- Nakajima Y, Masaoka N, Yamamoto T. Obstetrical risk factors for focal intestinal perforation in very low birth weight infants. J Perinat Med 2011; 39:179.
- Gordon PV, Young ML, Marshall DD. Focal small bowel perforation: an adverse effect of early postnatal dexamethasone therapy in extremely low birth weight infants. J Perinatol 2001; 21:156.
- Stark AR, Carlo WA, Tyson JE, et al. Adverse effects of early dexamethasone in extremely-low-birth-weight infants. National Institute of Child Health and Human Development Neonatal Research Network. N Engl J Med 2001; 344:95.
- Gordon P, Rutledge J, Sawin R, et al. Early postnatal dexamethasone increases the risk of focal small bowel perforation in extremely low birth weight infants. J Perinatol 1999; 19:573.
- Kelleher J, Salas AA, Bhat R, et al. Prophylactic indomethacin and intestinal perforation in extremely low birth weight infants. Pediatrics 2014; 134:e1369.
- Schmidt B, Davis P, Moddemann D, et al. Long-term effects of indomethacin prophylaxis in extremely-low-birth-weight infants. N Engl J Med 2001; 344:1966.
- Paquette L, Friedlich P, Ramanathan R, Seri I. Concurrent use of indomethacin and dexamethasone increases the risk of spontaneous intestinal perforation in very low birth weight neonates. J Perinatol 2006; 26:486.
- Holland AJ. Comment on Kubota et al.: focal intestinal perforation in extremely-low-birth-weight neonates: etiological consideration from histological findings. Pediatr Surg Int 2008; 24:387.
- Aschner JL, Deluga KS, Metlay LA, et al. Spontaneous focal gastrointestinal perforation in very low birth weight infants. J Pediatr 1988; 113:364.
- Gordon PV. Understanding intestinal vulnerability to perforation in the extremely low birth weight infant. Pediatr Res 2009; 65:138.
- Lai S, Yu W, Wallace L, Sigalet D. Intestinal muscularis propria increases in thickness with corrected gestational age and is focally attenuated in patients with isolated intestinal perforations. J Pediatr Surg 2014; 49:114.
- Gordon PV, Herman AC, Marcinkiewicz M, et al. A neonatal mouse model of intestinal perforation: investigating the harmful synergism between glucocorticoids and indomethacin. J Pediatr Gastroenterol Nutr 2007; 45:509.
- Chan KY, Leung FW, Lam HS, et al. Immunoregulatory protein profiles of necrotizing enterocolitis versus spontaneous intestinal perforation in preterm infants. PLoS One 2012; 7:e36977.
- Chan KY, Leung KT, Tam YH, et al. Genome-wide expression profiles of necrotizing enterocolitis versus spontaneous intestinal perforation in human intestinal tissues: dysregulation of functional pathways. Ann Surg 2014; 260:1128.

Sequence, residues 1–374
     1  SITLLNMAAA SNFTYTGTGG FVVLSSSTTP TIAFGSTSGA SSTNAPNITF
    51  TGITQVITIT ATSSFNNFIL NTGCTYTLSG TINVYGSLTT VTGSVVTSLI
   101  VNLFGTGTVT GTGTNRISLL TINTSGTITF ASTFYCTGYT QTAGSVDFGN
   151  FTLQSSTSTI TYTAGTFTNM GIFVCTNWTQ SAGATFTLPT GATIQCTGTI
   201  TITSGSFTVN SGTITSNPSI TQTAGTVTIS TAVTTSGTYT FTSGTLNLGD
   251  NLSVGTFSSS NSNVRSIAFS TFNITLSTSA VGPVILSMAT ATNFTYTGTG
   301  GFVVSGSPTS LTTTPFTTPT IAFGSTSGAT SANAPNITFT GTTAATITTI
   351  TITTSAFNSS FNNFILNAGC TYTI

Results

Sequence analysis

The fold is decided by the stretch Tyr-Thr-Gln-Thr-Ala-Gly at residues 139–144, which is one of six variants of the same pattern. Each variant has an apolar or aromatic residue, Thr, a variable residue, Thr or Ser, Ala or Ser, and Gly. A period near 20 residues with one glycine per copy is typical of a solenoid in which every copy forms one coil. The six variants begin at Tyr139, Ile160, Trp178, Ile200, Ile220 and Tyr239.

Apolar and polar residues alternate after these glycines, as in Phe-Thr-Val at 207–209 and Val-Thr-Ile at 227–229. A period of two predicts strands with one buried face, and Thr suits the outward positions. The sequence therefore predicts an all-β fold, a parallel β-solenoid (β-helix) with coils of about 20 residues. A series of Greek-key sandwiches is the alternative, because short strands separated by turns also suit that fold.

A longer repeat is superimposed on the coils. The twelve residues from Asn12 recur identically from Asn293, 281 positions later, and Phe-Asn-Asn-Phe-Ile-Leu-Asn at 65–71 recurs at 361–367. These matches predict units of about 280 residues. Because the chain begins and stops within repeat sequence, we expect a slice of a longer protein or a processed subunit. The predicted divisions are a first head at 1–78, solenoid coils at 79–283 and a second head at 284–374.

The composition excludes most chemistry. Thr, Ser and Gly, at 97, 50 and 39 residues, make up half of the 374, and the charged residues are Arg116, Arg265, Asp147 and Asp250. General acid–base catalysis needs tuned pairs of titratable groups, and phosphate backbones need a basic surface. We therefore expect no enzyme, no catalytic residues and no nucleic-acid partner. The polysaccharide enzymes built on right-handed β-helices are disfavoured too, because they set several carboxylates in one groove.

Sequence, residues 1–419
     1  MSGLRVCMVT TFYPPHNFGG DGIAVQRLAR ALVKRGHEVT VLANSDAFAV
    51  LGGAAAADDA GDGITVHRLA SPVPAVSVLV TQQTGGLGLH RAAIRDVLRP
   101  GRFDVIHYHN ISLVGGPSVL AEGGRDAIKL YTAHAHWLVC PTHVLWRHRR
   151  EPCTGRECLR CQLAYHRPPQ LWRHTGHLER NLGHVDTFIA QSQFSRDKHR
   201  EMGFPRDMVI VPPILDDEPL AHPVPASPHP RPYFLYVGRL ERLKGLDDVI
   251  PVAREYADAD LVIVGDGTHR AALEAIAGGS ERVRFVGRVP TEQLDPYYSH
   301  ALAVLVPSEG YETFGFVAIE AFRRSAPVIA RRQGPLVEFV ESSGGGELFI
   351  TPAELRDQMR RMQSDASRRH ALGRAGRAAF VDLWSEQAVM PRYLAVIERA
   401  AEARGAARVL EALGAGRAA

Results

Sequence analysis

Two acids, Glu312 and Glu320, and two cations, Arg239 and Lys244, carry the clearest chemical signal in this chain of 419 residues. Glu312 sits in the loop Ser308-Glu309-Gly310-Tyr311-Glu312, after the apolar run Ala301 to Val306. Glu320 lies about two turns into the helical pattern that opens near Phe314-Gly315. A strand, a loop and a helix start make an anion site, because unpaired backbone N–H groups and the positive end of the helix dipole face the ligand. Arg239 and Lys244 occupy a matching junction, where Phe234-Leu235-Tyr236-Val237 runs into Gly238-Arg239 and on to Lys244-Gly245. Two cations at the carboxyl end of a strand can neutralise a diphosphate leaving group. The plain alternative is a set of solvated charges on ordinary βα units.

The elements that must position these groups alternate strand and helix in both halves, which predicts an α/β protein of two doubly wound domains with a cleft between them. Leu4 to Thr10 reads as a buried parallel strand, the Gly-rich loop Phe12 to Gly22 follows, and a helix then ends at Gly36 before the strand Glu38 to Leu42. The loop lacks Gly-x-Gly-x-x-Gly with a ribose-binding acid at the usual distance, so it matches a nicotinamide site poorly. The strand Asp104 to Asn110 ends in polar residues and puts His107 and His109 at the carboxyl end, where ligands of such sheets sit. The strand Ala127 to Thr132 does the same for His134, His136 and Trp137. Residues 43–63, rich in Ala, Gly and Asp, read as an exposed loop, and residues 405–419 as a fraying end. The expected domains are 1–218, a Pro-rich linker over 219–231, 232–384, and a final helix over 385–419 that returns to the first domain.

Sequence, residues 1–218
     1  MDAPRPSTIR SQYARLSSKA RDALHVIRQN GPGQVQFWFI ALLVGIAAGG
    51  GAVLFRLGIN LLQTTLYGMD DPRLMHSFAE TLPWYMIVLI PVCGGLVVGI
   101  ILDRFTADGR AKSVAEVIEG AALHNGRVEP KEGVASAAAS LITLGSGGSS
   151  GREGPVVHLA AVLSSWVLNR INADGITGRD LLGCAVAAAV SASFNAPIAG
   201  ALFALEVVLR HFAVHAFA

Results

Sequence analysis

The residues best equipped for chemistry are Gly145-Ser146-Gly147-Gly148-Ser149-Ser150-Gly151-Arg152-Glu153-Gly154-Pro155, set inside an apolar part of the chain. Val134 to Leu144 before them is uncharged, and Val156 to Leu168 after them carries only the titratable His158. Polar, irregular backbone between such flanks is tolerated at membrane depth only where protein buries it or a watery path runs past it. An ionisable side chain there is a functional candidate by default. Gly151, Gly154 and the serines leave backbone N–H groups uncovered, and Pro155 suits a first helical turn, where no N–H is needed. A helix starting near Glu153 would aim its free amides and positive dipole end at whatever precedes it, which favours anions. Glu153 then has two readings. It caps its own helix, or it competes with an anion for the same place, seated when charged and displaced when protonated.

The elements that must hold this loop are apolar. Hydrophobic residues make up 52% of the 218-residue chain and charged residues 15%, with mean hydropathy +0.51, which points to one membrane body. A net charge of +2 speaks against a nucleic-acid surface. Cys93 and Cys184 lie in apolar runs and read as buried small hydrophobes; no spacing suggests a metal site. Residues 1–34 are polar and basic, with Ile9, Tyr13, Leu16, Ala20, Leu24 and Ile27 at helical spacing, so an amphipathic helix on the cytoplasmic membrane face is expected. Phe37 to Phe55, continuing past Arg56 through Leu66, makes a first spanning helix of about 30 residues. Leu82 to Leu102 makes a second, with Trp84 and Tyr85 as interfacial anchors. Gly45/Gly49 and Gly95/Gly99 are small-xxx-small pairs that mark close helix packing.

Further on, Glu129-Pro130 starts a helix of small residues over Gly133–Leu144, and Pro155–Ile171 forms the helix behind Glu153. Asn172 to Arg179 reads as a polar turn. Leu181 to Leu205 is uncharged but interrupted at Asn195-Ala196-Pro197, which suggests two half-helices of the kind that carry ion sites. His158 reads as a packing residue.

- Adesanya OA, O'Shea TM, Turner CS, et al. Intestinal perforation in very low birth weight infants: growth and neurodevelopment at 1 year of age. J Perinatol 2005; 25:583.
- Adderson EE, Pappin A, Pavia AT. Spontaneous intestinal perforation in premature infants: a distinct clinical entity associated with systemic candidiasis. J Pediatr Surg 1998; 33:1463.
- Attridge JT, Clark R, Walker MW, Gordon PV. New insights into spontaneous intestinal perforation using a national data set: (2) two populations of patients with perforations. J Perinatol 2006; 26:185.
- Harms K, Lüdtke FE, Lepsien G, Speer CP. Idiopathic intestinal perforations in premature infants without evidence of necrotizing enterocolitis. Eur J Pediatr Surg 1995; 5:30.
- Fischer A, Vachon L, Durand M, Cayabyab RG. Ultrasound to diagnose spontaneous intestinal perforation in infants weighing ⩽1000 g at birth. J Perinatol 2015; 35:104.
- Baird R, Puligandla PS, St Vil D, et al. The role of laparotomy for intestinal perforation in very low birth weight infants. J Pediatr Surg 2006; 41:1522.
- Blakely ML, Gupta H, Lally KP. Surgical management of necrotizing enterocolitis and isolated intestinal perforation in premature neonates. Semin Perinatol 2008; 32:122.
- Cass DL, Brandt ML, Patel DL, et al. Peritoneal drainage as definitive treatment for neonates with isolated intestinal perforation. J Pediatr Surg 2000; 35:1531.
- Chiu B, Pillai SB, Almond PS, et al. To drain or not to drain: a single institution experience with neonatal intestinal perforation. J Perinat Med 2006; 34:338.
- Rao SC, Basani L, Simmer K, et al. Peritoneal drainage versus laparotomy as initial surgical treatment for perforated necrotizing enterocolitis or spontaneous intestinal perforation in preterm low birth weight infants. Cochrane Database Syst Rev 2011; :CD006182.
- Zamir O, Goldberg M, Udassin R, et al. Idiopathic gastrointestinal perforation in the neonate. J Pediatr Surg 1988; 23:335.
- Wadhawan R, Oh W, Hintz SR, et al. Neurodevelopmental outcomes of extremely low birth weight infants with spontaneous intestinal perforation or surgical necrotizing enterocolitis. J Perinatol 2014; 34:64.
- Fisher JG, Jones BA, Gutierrez IM, et al. Mortality associated with laparotomy-confirmed neonatal spontaneous intestinal perforation: a prospective 5-year multicenter analysis. J Pediatr Surg 2014; 49:1215.
- Roze E, Ta BD, van der Ree MH, et al. Functional impairments at school age of children with necrotizing enterocolitis or spontaneous intestinal perforation. Pediatr Res 2011; 70:619.
- Shah TA, Meinzen-Derr J, Gratton T, et al. Hospital and neurodevelopmental outcomes of extremely low-birth-weight infants with necrotizing enterocolitis and spontaneous intestinal perforation. J Perinatol 2012; 32:552.
- Risk factors
- - Antenatal
- - Postnatal
- Exposure to glucocorticoids
- Exposure to indomethacin
- PATHOLOGY AND PATHOGENESIS
- CLINICAL MANIFESTATIONS
- Age at presentation
- Physical findings
- Associated infections
- Laboratory tests
- Surgical treatment
- - PPD technique
- SUMMARY AND RECOMMENDATIONS